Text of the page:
International human rights group raises red flag on PH new anti-terror bill

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LEGAZPI CITY — The Senate’s new anti-terrorism bill is designed “to arm-twist” legitimate dissent into submission, “weaponizing” the law to suppress critics and activists, says an international human rights group.

If approved to become a law, it is tantamount to training the gun barrel on rural Filipinos under suspicion of supporting rebellious groups, and impacting a “de-facto martial law” on areas under military operations. These are the possible outcomes once the anti-terrorism bill is approved into law.

The International Coalition of Human Rights in the Philippines (ICHRP) condemns the recent approval of the anti-terrorism bill in the Philippine Senate, a statement was sent Tuesday to Bicol Today in Naga City.

“We are appalled by how laws that further curtail the freedoms of the Filipinos are being railroaded under the Duterte government,” said ICHRP chairperson Peter Murphy.

According to ICHRP, the proposed law seeks to amend and bolster the country’s current Human Security Act, a repressive law that has been repeatedly used to justify arrests and file trumped up charges against activists and government’s critics.

If made into law, the new version allows violations of human rights such as the right to security and privacy, curtailment of the freedom of expression, freedom of association, and the right to due process. It legalizes warrantless arrest and detainment and even allows wiretapping and other surveillance in extended periods of time.

“This erodes the freedoms and liberties of Filipinos which are inalienable, guaranteed by its Constitution and the Universal Declaration of Human Rights and other internationally agreed upon instruments to which the Philippines is a signatory,” ICHRP said.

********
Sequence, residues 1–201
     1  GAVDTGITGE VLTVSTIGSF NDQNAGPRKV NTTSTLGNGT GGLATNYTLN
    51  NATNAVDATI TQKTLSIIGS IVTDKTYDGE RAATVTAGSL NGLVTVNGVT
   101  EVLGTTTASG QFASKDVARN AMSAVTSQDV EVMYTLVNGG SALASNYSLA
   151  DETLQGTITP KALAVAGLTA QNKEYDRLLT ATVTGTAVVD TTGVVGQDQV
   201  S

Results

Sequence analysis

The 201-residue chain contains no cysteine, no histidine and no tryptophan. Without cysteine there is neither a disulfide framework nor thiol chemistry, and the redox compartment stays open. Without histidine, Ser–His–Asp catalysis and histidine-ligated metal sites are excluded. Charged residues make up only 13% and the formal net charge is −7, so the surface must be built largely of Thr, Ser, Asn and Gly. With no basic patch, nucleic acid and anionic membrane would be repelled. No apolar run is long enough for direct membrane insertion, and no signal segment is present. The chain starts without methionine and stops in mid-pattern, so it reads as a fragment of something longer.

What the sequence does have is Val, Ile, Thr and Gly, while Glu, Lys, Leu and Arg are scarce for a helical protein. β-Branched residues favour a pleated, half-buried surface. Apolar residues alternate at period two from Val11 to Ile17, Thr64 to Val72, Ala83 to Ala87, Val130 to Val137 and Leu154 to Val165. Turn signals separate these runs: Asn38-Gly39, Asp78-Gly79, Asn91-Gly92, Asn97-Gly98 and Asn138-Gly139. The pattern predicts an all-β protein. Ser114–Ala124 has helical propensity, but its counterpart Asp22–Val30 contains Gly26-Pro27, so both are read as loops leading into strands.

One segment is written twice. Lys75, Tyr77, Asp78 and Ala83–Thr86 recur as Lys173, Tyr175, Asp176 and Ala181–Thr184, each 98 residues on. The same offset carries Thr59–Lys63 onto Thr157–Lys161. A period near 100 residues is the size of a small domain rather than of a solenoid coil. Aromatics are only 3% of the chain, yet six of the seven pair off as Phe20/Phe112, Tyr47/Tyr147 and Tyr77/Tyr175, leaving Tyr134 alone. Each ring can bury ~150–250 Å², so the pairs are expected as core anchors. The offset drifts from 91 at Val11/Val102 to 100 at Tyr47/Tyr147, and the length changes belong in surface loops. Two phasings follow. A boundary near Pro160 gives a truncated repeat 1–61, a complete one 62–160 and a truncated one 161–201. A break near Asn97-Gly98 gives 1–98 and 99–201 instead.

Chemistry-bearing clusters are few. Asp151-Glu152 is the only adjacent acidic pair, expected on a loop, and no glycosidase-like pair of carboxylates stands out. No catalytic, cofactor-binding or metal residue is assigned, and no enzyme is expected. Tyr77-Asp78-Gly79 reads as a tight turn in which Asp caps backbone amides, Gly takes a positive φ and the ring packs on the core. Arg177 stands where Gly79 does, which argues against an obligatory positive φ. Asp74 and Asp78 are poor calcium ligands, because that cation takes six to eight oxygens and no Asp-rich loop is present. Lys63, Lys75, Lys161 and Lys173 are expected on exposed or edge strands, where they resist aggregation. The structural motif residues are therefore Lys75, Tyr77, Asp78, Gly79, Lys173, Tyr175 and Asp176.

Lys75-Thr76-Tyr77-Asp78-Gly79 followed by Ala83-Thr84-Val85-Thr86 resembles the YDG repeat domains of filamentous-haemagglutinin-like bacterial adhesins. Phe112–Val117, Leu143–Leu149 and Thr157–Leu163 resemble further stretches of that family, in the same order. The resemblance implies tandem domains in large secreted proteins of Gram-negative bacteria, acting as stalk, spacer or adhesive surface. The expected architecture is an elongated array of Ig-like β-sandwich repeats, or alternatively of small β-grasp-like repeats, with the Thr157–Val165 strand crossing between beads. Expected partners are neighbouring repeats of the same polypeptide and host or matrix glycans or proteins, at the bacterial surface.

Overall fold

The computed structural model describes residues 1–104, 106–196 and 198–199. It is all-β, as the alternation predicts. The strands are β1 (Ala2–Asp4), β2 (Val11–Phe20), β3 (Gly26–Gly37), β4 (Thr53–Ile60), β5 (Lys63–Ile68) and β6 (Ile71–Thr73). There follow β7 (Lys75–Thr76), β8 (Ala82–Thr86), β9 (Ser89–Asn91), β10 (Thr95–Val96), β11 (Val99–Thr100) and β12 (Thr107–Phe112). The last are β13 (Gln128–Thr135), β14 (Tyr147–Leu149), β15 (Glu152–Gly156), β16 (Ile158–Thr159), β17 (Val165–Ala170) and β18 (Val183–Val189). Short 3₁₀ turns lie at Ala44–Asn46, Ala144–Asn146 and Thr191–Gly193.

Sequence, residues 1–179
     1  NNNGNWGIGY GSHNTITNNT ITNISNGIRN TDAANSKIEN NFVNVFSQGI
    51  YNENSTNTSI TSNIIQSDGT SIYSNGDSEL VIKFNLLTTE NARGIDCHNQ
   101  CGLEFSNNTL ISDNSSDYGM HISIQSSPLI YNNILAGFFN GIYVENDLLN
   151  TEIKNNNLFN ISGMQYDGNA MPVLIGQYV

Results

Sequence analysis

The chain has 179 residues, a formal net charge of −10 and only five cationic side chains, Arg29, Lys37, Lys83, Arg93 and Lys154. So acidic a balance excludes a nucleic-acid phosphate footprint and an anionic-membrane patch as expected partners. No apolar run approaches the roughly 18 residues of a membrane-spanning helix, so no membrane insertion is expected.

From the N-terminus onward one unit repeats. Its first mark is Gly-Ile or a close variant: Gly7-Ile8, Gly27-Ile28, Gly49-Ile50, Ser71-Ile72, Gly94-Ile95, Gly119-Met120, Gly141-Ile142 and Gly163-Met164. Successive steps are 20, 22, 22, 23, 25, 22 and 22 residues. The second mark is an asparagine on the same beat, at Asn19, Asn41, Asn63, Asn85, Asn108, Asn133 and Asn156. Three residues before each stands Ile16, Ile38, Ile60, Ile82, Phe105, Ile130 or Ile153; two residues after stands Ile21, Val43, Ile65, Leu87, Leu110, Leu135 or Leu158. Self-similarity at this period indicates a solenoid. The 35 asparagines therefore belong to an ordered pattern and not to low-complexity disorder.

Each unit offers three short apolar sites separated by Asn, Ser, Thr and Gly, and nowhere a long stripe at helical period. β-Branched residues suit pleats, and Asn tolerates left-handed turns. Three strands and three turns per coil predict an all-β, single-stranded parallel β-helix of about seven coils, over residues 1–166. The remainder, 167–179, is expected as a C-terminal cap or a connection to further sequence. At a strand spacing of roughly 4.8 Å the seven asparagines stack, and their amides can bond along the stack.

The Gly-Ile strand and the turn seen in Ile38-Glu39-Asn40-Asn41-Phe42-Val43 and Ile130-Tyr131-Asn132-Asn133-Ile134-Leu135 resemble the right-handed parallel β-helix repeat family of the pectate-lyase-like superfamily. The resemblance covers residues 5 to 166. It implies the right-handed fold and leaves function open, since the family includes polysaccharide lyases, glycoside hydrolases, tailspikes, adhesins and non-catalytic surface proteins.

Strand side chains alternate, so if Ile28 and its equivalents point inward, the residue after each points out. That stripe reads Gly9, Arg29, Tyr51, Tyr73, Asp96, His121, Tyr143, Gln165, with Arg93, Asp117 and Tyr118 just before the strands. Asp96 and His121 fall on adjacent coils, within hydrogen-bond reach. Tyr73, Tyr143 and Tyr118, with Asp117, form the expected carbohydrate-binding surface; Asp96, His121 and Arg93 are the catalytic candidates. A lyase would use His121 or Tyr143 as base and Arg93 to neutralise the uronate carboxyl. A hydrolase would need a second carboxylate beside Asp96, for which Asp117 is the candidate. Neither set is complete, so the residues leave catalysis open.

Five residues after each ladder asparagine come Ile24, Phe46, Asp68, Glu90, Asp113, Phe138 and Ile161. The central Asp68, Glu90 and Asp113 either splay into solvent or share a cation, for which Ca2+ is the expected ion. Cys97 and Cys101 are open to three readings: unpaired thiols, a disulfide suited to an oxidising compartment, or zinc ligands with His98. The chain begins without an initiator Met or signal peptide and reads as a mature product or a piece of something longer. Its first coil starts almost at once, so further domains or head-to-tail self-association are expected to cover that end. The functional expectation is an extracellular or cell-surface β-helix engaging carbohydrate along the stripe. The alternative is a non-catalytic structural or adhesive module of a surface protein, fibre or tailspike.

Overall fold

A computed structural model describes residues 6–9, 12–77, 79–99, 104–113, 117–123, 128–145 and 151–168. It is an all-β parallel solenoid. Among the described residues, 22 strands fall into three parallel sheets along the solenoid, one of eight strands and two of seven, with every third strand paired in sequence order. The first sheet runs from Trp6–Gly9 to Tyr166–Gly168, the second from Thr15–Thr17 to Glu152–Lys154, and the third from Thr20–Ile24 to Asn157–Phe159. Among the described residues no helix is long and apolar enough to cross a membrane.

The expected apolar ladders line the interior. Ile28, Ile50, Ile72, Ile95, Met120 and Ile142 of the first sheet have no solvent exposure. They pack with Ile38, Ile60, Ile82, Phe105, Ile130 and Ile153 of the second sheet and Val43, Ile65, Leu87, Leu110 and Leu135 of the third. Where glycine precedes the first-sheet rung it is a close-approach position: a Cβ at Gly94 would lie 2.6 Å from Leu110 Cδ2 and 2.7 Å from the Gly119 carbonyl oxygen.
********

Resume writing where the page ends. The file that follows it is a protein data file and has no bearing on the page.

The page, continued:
Grassroots organisations and progressives have spoken up against the proposed bill. Bayan or New Patriotic Alliance of the Philippines notes that “this draconian law will surely be used to intimidate, silence and jail critics, political dissenters, members of the opposition, critical media, and anyone that gets the ire of the President.”

While the biggest organisation of farmers for land reform KMP or Peasant Movement of the Philippines insists that “it will give wide authority to categorise otherwise legal acts, profession and business, as criminal.”

According to the farmers, it will also institutionalize the branding and tagging of activists especially of the rural poor who are plagued and traumatized by massive militarization.

Recently, people rights alliance Karapatan joined other concerned groups to call for the junking of the law as counterpart bills are pending to complete its full passage.

“It infringes on and effectively curtails people’s democratic rights and lays the legal groundwork for a de facto martial rule,” says Karapatan in a press conference.

ICHRP supports the Filipino people in their fight to defend their civil and political rights and oppose the weaponization of the law against its citizens.

“We have seen the political killings; heard the accounts of survivors and family members; and felt the growing discontent of Filipinos. This law will not in any way protect civilians from acts of terrorism, instead, it will only intensify the already deplorable human rights situation under the Duterte government,” Murphy said.

ICHRP is calling on other freedom loving peoples around the world to condemn the anti-terrorism bill. It pledges to garner more support for the Filipinos in resisting attacks and in defending their basic human rights.

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